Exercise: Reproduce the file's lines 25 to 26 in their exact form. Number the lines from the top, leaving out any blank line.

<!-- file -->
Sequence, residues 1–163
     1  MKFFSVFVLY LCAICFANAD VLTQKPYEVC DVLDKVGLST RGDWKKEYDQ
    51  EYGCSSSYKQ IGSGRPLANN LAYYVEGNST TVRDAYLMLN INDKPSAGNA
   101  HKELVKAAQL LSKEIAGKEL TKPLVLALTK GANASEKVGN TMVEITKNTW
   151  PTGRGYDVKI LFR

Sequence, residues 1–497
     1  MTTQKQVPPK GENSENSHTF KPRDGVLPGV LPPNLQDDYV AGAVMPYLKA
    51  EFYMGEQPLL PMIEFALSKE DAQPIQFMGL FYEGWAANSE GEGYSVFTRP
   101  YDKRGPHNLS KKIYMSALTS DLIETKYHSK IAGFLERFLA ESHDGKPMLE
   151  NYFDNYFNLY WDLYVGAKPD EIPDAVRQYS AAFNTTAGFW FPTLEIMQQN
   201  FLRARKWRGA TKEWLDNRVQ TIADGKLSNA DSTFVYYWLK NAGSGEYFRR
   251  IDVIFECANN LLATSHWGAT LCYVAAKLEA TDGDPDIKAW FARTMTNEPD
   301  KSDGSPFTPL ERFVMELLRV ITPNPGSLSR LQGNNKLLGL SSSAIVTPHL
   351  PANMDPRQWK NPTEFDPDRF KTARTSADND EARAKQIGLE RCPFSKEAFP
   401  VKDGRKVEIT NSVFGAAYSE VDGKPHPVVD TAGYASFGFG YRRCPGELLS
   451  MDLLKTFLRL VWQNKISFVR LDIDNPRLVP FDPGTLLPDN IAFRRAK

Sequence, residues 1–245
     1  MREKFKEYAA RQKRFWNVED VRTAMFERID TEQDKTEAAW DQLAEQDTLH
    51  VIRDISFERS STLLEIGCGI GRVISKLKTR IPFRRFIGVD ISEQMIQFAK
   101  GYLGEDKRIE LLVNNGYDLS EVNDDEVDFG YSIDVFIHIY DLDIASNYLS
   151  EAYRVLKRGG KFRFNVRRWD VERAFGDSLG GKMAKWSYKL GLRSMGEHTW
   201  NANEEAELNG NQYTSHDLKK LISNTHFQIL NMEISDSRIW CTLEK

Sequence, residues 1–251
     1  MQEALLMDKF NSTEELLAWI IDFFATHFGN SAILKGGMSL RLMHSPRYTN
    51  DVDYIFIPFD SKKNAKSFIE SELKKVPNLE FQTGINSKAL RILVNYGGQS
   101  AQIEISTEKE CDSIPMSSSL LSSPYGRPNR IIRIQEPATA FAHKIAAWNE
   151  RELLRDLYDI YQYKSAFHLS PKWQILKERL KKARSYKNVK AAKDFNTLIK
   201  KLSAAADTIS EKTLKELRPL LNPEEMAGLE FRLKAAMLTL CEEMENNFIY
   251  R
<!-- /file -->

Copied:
    51  DVDYIFIPFD SKKNAKSFIE SELKKVPNLE FQTGINSKAL RILVNYGGQS
   101  AQIEISTEKE CDSIPMSSSL LSSPYGRPNR IIRIQEPATA FAHKIAAWNE